Qatar Airways’ class act

I’m sitting on the upper deck of the Qatar Airways stand at ITB – the world’s largest travel industry fair in Berlin. The stand is wobbling, and Akbar Al Baker is not happy.

The chief executive of Qatar Airways is not a man used to anything less than perfection from his suppliers. He has just unveiled – in a swirl of dry ice and to the booming accompaniment of the 2001: a Space Odyssey theme – a mock-up of the airline’s first class lounge cabin, a separate six-seat bar area that will slot between first class proper and business class on its four new A340-600s, and eventually on all its long haul fleet.

It’s an innovation that Al Baker believes will give Qatar an additional edge in the battle for high-spending passengers on its Middle Eastern routes. He thinks it will take rivals such as Emirates, Etihad and the big European carriers two years to come up with something similar, by which time, he says, Qatar will have moved onto the next big idea.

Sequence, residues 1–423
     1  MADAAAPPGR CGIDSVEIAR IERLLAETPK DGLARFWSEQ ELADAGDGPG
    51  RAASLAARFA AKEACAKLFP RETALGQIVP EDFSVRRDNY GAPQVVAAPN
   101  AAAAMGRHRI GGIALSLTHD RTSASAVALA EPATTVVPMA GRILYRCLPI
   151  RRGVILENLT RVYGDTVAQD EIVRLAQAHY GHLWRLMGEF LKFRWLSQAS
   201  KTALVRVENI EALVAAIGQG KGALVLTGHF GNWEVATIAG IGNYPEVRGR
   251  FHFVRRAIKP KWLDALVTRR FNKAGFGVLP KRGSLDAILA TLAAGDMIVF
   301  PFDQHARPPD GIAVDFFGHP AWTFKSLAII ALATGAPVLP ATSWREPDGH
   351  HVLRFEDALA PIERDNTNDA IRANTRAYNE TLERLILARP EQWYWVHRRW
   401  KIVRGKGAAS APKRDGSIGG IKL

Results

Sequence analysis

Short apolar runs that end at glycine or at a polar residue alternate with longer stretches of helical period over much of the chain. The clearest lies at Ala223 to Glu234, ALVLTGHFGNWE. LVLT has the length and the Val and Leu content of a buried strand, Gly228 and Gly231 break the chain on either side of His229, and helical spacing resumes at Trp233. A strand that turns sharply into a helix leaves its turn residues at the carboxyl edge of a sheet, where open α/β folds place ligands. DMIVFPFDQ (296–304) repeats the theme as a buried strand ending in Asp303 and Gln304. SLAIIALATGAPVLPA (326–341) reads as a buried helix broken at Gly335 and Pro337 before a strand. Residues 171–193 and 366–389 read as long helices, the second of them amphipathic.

With every detail worked out meticulously, the feel is more like a corporate jet than first class cabin. With carriers such as Qatar delicately balancing the cultural requirements of both high net worth traditional Arab customers and the new breed of Western business exectutives flying in and out of Doha, Dubai and the region’s other booming cities, getting the first class cabin environment right is vital. Do you emphasise privacy over social areas? Middle Eastern design cues over a more American boardroom feel? Glitz and gizmos or modernist understatement?

Which brings us back to the wobbly stand. Minor earth tremors are not a common occurance in the Germany and Al Baker demands to see the German stand contractor. “The chief” wants answers. You get the feeling that “Wobble, what wobble?” or “It’s just a function of the stand design” just aren’t going to wash as excuses.

I wasn’t around to find out what happened, but I suspect there may be a discrepancy between what the contractor expected to be paid and the amount on the cheque signed by Al Baker.

Meanwhile, the Middle Eastern section of the show – where Qatar, Emirates and others were situated – put me in mind of a wonky map of a surreal parallel universe Middle East…where Palestine nestles happily next to Israel, which in turn happily near-neighbours Syria, Lebanon and Iran. It’s a Middle East of smiling children in traditional dress, ancient temples and forts, luxury resorts and big friendly welcomes, where the main rivalry is over who has the best beaches. There wasn’t an Iraq stand, but, if there had been, I would have no doubt been urged to sample the delights of “bustling Baghdad”.

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